Council tackles Air Force retiree concerns, issues

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The Air Force Retiree Council meets annually at the Air Force Personnel Center here to discuss and act upon concerns and issues affecting nearly 790,000 retired Airmen and surviving spouses.

This year's council met May 3 through 7 to review topics such as pay and benefits, medical care, and base-level retiree activities and support.

Retired Lt. Gen. Steven R. Polk and retired Chief Master Sgt. of the Air Force Gerald R. Murray currently serve as council co-chairmen. They lead council members representing 15 geographical areas worldwide. The council may also appoint members at large who have expertise in medical care and other critical subject areas.

The Air Force Retiree Council is "a safety net for those of us who currently serve," said Air Force Chief of Staff Gen. Norton Schwartz.

The general visited this year's meeting and praised the council for serving as a link between him and the Air Force's retired community.

Although they no longer wear the uniform, Air Force retirees still represent the service, he said.

"The retiree community is an extension of the active-duty Air Force," said retired Col. Thomas R. Adams, who represents Alabama, Louisiana, Mississippi and Tennessee. "Retirees represent the Air Force as church and civic leaders, and volunteers. When the community views an Air Force retiree, it sees the mark of the Air Force, and it sees the training and experiences of Air Force careers embodied in men and women who served their country and now serve their community. The retiree represents the best advertising and recruiting tool of the Air Force."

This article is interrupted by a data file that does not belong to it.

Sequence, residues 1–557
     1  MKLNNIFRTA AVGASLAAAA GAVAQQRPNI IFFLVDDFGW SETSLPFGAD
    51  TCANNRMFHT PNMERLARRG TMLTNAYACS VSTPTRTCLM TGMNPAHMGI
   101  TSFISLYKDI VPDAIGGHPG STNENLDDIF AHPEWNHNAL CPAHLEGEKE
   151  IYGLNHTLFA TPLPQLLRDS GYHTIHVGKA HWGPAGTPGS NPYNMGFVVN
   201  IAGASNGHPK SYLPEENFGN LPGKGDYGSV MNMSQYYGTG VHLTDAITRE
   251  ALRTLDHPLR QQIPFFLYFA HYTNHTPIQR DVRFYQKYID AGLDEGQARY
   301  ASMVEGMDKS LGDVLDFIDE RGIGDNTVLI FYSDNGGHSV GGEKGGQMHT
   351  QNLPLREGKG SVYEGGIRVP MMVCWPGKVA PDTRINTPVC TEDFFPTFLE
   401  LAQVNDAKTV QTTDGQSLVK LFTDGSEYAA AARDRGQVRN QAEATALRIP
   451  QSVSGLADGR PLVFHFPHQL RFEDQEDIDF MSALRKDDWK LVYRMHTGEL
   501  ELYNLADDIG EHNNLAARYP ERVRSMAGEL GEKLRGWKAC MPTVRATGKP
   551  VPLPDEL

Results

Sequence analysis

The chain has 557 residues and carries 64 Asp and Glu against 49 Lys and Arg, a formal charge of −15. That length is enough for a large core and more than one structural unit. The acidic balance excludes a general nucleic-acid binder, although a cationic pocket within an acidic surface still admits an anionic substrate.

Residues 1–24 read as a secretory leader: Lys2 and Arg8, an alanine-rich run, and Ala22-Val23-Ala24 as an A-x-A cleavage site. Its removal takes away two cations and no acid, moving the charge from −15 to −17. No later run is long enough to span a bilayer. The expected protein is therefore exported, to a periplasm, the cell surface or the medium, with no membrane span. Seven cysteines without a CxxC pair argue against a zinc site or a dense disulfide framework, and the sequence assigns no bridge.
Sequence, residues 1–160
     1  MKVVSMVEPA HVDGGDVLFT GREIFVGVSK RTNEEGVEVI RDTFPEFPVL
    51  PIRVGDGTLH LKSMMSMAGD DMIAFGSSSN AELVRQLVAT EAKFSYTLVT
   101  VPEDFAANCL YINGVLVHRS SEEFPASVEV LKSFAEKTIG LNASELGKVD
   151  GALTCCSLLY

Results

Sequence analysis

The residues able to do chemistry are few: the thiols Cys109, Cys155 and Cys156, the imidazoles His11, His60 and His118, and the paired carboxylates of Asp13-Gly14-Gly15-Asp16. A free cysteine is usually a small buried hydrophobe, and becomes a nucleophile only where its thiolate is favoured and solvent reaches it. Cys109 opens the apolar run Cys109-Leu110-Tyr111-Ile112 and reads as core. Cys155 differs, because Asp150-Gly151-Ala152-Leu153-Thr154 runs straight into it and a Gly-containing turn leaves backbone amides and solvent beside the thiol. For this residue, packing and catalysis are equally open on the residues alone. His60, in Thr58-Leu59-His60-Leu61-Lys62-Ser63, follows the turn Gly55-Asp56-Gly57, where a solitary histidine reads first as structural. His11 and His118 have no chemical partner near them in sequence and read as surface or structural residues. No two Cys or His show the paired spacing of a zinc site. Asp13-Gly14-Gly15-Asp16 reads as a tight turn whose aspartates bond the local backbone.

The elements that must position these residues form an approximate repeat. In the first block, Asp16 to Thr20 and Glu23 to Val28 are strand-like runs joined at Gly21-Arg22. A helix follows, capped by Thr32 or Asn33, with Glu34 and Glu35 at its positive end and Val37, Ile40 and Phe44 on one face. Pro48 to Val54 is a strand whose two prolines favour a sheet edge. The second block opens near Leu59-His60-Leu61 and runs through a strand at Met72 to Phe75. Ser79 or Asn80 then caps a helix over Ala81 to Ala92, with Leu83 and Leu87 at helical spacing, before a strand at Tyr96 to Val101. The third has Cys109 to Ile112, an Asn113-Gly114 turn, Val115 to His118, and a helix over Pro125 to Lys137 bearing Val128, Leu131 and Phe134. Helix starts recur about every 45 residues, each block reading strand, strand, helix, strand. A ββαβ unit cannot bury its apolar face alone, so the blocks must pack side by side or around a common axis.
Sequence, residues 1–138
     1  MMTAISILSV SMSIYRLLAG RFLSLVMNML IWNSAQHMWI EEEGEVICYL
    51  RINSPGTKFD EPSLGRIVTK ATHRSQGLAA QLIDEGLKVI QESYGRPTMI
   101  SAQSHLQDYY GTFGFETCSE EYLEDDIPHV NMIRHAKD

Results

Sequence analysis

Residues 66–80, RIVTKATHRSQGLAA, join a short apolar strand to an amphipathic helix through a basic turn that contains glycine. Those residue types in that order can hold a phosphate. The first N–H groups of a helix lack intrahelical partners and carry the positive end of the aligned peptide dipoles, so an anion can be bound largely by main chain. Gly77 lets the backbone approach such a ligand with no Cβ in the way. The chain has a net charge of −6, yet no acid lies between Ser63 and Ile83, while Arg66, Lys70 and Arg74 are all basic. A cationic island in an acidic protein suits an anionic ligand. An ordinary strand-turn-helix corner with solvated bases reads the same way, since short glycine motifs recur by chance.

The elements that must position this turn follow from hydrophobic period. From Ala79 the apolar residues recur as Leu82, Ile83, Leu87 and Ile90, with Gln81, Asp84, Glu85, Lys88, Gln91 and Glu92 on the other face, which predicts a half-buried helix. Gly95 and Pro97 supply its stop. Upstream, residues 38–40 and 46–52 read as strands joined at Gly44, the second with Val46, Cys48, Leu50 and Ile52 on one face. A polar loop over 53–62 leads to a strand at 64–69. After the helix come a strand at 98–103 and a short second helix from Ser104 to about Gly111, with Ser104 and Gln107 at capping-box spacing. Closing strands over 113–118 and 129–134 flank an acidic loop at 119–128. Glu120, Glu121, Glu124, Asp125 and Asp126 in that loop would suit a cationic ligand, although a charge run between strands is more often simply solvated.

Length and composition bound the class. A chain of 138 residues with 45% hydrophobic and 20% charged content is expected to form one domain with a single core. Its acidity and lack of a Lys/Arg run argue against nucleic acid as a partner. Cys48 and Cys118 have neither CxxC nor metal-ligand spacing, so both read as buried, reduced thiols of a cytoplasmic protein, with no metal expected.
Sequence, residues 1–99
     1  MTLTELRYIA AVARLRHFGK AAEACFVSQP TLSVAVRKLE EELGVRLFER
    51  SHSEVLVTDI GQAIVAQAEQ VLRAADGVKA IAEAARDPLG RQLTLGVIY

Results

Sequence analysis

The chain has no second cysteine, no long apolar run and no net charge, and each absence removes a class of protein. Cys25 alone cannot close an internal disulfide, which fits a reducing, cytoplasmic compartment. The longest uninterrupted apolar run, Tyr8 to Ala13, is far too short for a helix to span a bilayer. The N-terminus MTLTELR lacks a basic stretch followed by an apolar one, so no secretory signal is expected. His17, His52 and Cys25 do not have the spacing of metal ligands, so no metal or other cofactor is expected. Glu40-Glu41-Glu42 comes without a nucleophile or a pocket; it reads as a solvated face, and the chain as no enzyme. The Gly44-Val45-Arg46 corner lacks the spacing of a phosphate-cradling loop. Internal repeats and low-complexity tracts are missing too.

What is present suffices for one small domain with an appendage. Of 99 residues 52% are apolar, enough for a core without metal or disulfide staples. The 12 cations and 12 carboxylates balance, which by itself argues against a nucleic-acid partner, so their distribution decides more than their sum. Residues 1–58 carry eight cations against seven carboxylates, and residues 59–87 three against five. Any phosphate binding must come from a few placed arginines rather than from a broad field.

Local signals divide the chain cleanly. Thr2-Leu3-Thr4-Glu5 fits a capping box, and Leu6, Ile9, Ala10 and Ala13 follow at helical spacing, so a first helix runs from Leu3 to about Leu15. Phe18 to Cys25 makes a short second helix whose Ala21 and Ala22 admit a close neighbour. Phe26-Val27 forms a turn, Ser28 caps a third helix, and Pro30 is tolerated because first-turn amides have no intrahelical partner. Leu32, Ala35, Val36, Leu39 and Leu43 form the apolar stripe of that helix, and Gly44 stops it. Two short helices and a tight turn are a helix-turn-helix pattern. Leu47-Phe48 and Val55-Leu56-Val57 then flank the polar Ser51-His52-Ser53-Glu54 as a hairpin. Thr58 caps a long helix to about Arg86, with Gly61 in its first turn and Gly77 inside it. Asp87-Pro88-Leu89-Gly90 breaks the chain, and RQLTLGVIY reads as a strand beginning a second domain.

Throughout the year, area representatives provide oversight and guidance to 109 retiree activities offices worldwide. Most RAOs are located on Air Force installations, and all staff members are volunteers. The area representatives work with their RAO directors to provide topics for each year's annual meeting based on what they glean from their respective retiree population.

The group heard from various senior leaders about current war operations, plus plans for the future of the Air Force's members, weapons and mission.

"This was, by far, the best council meeting I have attended," said retired Chief Master Sgt. Burton Clyde, who represents Arizona and New Mexico. "The visible support of our active-duty leaders for retirees was evident by the appearance of senior staff and others."

The council also heard from representatives of Tricare, Delta Dental, Veterans Affairs, Defense Finance and Accounting Service, and the Military Coalition. AFPC briefers covered various topics such as the Air Force Wounded Warrior Program, combat-related special compensation, identification cards, and current and future staffing challenges. The council toured the Center for the Intrepid, which provides rehabilitation for wounded warriors, and attended a Basic Military Training graduation at nearby Lackland Air Force Base.

The council co-chairmen will meet with General Schwartz later this year to discuss the council's findings and other matters related to the Air Force retirement community.

As the Year of the Air Force Family winds down, General Schwartz believes when people talk about today's Air Force as a whole, they must include its retirees, family members and survivors.

"Everyone is valued, and that includes our alumni," General Schwartz said.

He lauded the Air Force retirees who volunteer hundreds of thousands of hours at bases worldwide, saving millions of dollars.

The chief of staff had nothing but praise for the council's hard work and dedication.

"Thank you for the way you continue to still serve," he said.